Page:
Page 4227 - Week 14 - Tuesday, 26 November 2013

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I sought an assurance from the Treasurer that there were no further documents. That is an assurance that the Treasurer gave me, and it is an assurance which he has reiterated here in the Assembly this afternoon. As such, I will not be supporting the motion today, as I do not believe that the threshold that there is a case to answer has been met.

MR HANSON (Molonglo—Leader of the Opposition) (4.35): I thank Mr Smyth for bringing this before the Assembly today. It is an important matter because it is important that ministers, and indeed all of us, comply with standing orders. And that is the question before us: has the minister adhered to standing order 213A and the subsequent standing orders if he has breached that standing order? The case is laid out very well by Mr Smyth in the letter that he provided to you, Madam Speaker, and in the case he has made in the chamber debate. I do not intend to reiterate the full argument, but the threshold question is: has the minister complied? The compelling case has been made—in my view it is a black and white case—that he has not. He has disobeyed a lawful order of this Assembly, and the question is one of motive. Why has he failed to comply to provide the documents that formed the analysis, the work that led to the tax reform?

As the minister and Mr Rattenbury have said, what we have been delivered is a summary, an overview. It is not what we asked for. It is quite clear the intent of the Assembly was to be provided with the full range of documents, and the minister has not complied with that. There should be a substantive volume of documents. If the minister did not want to release them and he wanted to go through a process of review and claiming executive privilege and, under the standing order, having those documents that would be in dispute subject to arbitration, he could have done that. But he has knowingly just ignored that process. He has decided, “Rather than risk those documents being provided after arbitration, I’m going to come up with some neat little summary of what I want it to show and then I’ll provide that to the Assembly. And that certainly will provide enough to satisfy Shane Rattenbury.” And that would appear to be the case.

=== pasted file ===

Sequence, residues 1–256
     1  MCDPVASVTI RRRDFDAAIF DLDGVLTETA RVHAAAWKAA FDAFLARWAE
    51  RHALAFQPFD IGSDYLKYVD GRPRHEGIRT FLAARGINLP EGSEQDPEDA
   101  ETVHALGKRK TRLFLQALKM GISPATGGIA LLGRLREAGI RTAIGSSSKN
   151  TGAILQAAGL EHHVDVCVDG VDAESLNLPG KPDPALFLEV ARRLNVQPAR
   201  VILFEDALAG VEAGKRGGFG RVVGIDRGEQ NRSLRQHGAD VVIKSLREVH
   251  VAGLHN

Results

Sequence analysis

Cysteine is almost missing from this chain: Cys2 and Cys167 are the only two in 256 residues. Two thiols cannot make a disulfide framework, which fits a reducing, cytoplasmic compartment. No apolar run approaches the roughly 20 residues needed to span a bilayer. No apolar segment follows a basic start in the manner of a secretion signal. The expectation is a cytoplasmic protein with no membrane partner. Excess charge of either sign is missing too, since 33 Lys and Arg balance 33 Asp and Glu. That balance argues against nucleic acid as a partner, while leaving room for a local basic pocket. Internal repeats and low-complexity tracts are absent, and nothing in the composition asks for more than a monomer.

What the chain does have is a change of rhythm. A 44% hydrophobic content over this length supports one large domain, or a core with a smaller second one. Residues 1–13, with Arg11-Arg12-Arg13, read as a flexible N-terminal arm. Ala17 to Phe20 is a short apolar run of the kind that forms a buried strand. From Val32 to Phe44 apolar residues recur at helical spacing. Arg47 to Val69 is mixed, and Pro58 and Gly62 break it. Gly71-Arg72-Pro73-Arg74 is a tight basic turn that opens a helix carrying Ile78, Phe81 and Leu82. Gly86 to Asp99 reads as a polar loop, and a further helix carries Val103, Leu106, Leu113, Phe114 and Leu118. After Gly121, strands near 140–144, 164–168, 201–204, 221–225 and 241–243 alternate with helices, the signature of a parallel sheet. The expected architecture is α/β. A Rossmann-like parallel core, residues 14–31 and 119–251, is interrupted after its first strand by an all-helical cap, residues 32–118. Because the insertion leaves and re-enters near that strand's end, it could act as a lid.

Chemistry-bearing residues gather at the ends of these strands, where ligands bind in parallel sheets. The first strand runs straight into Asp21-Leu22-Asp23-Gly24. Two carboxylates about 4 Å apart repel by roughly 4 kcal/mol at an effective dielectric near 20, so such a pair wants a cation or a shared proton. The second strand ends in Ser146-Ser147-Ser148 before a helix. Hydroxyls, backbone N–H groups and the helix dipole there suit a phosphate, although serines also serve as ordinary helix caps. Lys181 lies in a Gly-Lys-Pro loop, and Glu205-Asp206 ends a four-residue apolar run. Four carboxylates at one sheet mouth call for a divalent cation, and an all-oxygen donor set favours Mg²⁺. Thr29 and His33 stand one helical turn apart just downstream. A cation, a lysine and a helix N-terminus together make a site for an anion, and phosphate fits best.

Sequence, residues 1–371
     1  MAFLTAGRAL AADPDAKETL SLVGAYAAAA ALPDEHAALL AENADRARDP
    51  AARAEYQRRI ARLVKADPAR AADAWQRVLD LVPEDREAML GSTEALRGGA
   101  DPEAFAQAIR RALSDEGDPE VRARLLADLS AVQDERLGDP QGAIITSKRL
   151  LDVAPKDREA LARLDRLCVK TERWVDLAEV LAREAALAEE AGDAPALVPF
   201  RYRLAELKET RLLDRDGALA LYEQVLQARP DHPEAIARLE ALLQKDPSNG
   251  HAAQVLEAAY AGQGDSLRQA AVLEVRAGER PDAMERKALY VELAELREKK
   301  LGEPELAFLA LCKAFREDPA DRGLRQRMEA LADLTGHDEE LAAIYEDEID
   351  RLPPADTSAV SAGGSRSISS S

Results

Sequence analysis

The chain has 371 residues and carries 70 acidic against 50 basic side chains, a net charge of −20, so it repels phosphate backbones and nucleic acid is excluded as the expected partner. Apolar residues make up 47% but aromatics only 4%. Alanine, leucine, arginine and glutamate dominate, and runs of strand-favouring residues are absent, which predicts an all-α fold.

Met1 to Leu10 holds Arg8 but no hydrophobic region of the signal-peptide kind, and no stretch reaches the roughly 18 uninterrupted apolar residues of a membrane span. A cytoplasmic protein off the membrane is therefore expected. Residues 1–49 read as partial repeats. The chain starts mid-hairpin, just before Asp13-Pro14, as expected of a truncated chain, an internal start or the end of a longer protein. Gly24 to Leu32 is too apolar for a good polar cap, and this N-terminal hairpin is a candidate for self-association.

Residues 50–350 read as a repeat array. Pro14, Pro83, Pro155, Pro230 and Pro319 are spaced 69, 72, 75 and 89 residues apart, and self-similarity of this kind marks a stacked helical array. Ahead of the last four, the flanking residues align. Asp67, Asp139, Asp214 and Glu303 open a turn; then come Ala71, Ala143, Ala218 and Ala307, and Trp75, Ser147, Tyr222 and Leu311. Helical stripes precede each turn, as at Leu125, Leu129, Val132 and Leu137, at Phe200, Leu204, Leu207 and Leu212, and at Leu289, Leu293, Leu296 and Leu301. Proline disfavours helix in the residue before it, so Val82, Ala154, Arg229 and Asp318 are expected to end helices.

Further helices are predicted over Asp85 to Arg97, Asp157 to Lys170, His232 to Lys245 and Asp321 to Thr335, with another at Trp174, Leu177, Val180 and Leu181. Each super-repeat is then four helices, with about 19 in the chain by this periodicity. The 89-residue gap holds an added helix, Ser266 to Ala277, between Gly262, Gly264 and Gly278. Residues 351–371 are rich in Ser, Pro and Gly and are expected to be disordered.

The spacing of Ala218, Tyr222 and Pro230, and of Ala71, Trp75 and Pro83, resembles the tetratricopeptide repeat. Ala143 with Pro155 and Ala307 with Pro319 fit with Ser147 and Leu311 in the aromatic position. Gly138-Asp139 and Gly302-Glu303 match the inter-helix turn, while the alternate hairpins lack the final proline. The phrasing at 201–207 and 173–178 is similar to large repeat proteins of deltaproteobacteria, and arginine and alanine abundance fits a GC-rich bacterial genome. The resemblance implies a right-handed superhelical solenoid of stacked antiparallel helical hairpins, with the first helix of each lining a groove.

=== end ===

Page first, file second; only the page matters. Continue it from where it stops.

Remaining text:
Mr Rattenbury, the great reformer, only yesterday wanted openness and accountability. Shine the light. “Here are my new FOI rules. Let’s make sure we push information. Let’s make sure there’s access to everything. If it’s in the public interest then we should have access to it.” But when it comes to these documents—the analysis that was conducted by this government in what Mr Barr touts as the greatest tax reform in the history of the ACT—somehow the rhetoric of yesterday has turned to water when Mr Rattenbury decides that somehow, no, a simple overview will suffice. That is despite the fact that the Assembly has directed that we receive these documents.

Mr Barr: No, it didn’t.

MR HANSON: It quite clearly says under 213A that we get these documents, and you have decided—

Mr Barr: No. What was the motion that was passed?

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